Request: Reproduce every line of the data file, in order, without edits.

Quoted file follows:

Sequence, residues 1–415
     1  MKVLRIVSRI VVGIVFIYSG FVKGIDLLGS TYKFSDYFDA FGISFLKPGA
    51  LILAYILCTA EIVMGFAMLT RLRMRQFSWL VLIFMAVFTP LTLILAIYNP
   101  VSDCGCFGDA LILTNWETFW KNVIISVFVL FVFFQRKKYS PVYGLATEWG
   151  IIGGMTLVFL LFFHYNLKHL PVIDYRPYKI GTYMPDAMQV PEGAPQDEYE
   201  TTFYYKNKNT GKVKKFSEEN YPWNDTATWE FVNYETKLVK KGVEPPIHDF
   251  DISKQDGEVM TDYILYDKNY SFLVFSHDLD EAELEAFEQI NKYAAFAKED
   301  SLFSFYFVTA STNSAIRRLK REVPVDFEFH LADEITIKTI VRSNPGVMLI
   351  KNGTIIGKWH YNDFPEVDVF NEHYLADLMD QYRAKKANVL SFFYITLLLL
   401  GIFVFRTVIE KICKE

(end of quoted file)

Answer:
Sequence, residues 1–415
     1  MKVLRIVSRI VVGIVFIYSG FVKGIDLLGS TYKFSDYFDA FGISFLKPGA
    51  LILAYILCTA EIVMGFAMLT RLRMRQFSWL VLIFMAVFTP LTLILAIYNP
   101  VSDCGCFGDA LILTNWETFW KNVIISVFVL FVFFQRKKYS PVYGLATEWG
   151  IIGGMTLVFL LFFHYNLKHL PVIDYRPYKI GTYMPDAMQV PEGAPQDEYE
   201  TTFYYKNKNT GKVKKFSEEN YPWNDTATWE FVNYETKLVK KGVEPPIHDF
   251  DISKQDGEVM TDYILYDKNY SFLVFSHDLD EAELEAFEQI NKYAAFAKED
   301  SLFSFYFVTA STNSAIRRLK REVPVDFEFH LADEITIKTI VRSNPGVMLI
   351  KNGTIIGKWH YNDFPEVDVF NEHYLADLMD QYRAKKANVL SFFYITLLLL
   401  GIFVFRTVIE KICKE